Monday, 28 May 2012

For your Viewing Purposes

The internet can be overwhelming for teachers with the number of webpages to scour for appropriate, educational content that can be viewed and implemented in the classroom.  Many teachers rely on YouTube as a source for video content that can be used in an educational setting, but there are plenty of other great websites to peruse to find the right video for instructional purposes.  I've complied a brief list of a few video resources and have tried to cover a wide base of subject areas and applications.  Please check these out for your upcoming lessons and offer the list to your students for their own use.

Vimeo is a great resource for both creating and viewing videos.  The website has videos in a wide variety of categories and has an informative video tutorial for those interesting in improving their own video creating skills. 

School tube is a great way to connect students who need to be away for extra-curricular activities or illness to what has been completed or discussed in class.  This website allows you to sign up as an institution and essentially create your own channel, which you can use to 'broadcast' your lessons, class discussions, whatever you are doing on a particular day in the classroom, to students who are absent from class.  All you need is a camera, the ability to upload video to the website, and voila! Your students can view what took place in class and get a similar experience with what you've presented live in class, in video format.

If you are looking for a way to present new concepts in class or having students complete a research project on science related content, Untamed Science would be worthwhile to check out.  It has articles that students can read and related videos on topics such as cell biology, genetics, and world biomes. is a compilation of thousands of educational videos compiled from multiple sources. There is an app available for this site.

How Stuff Works will feed the curious mind.  It shows behind the scences video, demonstrating the inner works of everyday activities and processes. 

The last, (but not the least useful) website I'd like to mention is Math t.v. This website, created by Charles P. McKeague, a recognized college math professor and math textbook developer,  offers tutorials on a variety of math concepts and there are often a choice of 'tutors' that offer their assistance with each topic. Basic math concepts such as expanded notation, word problems, and rounding numbers are explained as well as more sophisticated concepts related to calculus and trigonometry. 

There are plenty of websites that I haven't explored here, but will definitely mention in posts to come!

Monday, 7 May 2012

The Start of Something Good

This is the start of my blogging journey.  I hope this blog will be a way for students, colleagues, parents, and the general public to get access to great information related to technology AND inclusion.  My journey into assisting students and teachers with infusing technology in the classroom has begun and I am tingling with excitement~!

I attended the Student Services Administrators Association of Manitoba (SSAAM) conference on Friday, May 4, 2012.  The keynote speakers in the morning brought forth some great insight into the movement towards inclusion within school divisions in Manitoba and Saskatchewan, but the afternoon sessions for which I registered were fabulous! I attended a presentation by a kindergarten/resource teacher/technology mentor who's infused technology into her classroom in so many ways it was a bit mind-boggling! Devon Caldwell, who works in Fort La Bosse School Division, presented some varied and fun ways to infuse software, social media, and communication via the computer in an educational setting.  With a SMART board, lap top, and projector, she shared some great resources to use in the classroom to collaborate with colleagues, communicate with other communities and parents, and keep herself organized while meeting the needs of a busy group of students.  This is a master teacher at work!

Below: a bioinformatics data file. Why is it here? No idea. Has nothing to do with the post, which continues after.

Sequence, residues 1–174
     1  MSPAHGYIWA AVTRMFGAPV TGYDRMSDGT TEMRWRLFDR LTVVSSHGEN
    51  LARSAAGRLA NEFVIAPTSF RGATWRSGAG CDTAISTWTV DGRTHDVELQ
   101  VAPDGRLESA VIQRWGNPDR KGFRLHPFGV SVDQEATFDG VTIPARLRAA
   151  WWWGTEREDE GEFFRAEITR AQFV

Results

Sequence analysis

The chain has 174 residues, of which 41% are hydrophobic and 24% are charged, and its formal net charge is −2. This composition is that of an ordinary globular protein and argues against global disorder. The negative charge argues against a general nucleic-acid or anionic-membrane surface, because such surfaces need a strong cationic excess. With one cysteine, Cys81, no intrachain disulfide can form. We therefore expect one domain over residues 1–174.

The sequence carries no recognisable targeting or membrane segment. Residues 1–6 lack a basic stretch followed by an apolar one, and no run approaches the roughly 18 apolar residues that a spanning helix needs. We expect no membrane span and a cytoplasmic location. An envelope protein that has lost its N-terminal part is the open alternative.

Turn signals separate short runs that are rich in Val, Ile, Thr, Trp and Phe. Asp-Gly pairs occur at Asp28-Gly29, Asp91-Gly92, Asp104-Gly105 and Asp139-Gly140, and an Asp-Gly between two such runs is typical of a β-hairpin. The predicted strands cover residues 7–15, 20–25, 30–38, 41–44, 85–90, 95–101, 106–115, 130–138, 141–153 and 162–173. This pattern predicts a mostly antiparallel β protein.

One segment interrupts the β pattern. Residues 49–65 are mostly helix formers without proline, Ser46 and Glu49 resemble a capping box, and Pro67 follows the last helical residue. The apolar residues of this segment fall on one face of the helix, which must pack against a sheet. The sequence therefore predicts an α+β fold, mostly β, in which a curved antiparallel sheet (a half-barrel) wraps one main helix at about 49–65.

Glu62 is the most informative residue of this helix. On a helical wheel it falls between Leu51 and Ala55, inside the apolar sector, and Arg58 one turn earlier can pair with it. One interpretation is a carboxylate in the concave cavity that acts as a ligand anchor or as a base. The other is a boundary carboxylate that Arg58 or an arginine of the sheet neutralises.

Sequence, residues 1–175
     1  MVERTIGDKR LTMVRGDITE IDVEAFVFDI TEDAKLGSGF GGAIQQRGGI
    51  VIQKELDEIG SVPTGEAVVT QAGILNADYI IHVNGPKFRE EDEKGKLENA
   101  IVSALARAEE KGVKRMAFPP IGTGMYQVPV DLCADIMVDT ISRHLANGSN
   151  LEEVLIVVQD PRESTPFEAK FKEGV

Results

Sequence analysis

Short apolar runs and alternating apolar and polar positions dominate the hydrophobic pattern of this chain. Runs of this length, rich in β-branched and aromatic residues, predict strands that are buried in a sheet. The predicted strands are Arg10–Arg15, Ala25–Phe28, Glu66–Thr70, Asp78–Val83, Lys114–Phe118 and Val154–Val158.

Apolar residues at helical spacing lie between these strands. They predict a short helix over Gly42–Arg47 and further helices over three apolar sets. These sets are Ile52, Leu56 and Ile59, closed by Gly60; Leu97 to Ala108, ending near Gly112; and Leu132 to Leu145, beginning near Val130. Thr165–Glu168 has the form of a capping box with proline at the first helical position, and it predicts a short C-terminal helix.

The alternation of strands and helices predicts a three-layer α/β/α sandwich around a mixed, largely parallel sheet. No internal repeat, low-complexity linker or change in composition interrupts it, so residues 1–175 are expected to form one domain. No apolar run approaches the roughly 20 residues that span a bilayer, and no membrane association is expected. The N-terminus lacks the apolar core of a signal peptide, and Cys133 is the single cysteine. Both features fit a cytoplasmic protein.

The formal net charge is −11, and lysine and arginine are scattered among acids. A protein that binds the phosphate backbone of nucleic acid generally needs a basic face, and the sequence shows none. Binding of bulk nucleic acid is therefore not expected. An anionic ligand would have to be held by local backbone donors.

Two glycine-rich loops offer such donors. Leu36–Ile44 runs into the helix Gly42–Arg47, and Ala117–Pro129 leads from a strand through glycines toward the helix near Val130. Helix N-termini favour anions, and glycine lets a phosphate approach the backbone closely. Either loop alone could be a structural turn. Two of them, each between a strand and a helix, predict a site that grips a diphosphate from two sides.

Here is a list, with a brief description of each, of some of the apps and online resources that Devon presented in an hour's time.  All are free and available for download from the websites listed below:
  • A great resource for completing calendar activities
  • A software app that can be downloaded to smartphones and computers.  It helps keeps documents organized, allows you to take notes, create to-do lists, view PDFs, take photos of objects anywhere with text and then search for that handwritten or printed text within those saved images.  Devon uses this app to collect, store, and organize assessment data for her students.
  • This website allows you to set up an account in which you can input the phone numbers of your contacts, record a message that can be sent out to all your friends, colleagues, etc.  Free and simple to use.
Microsoft AutoCollage
  • A free downloadable software which takes your photos or photos you've comnpiled online and allows you to create a collage.
  • An online resource that allows you to browse artwork and type up the story to match. You can choose an artist or a theme and allow your creativity to take you away!
  • A great resource for pre-created SMART board activities related to math.
  • A resource for creating original, animated video presentations using your own photos and selections from their online music library.  Available for free download to your computer or mobile device.
These technological apps appear very user-friendly and are a cinch to download and start using.  Great ways to stay organized and keep kids engaged!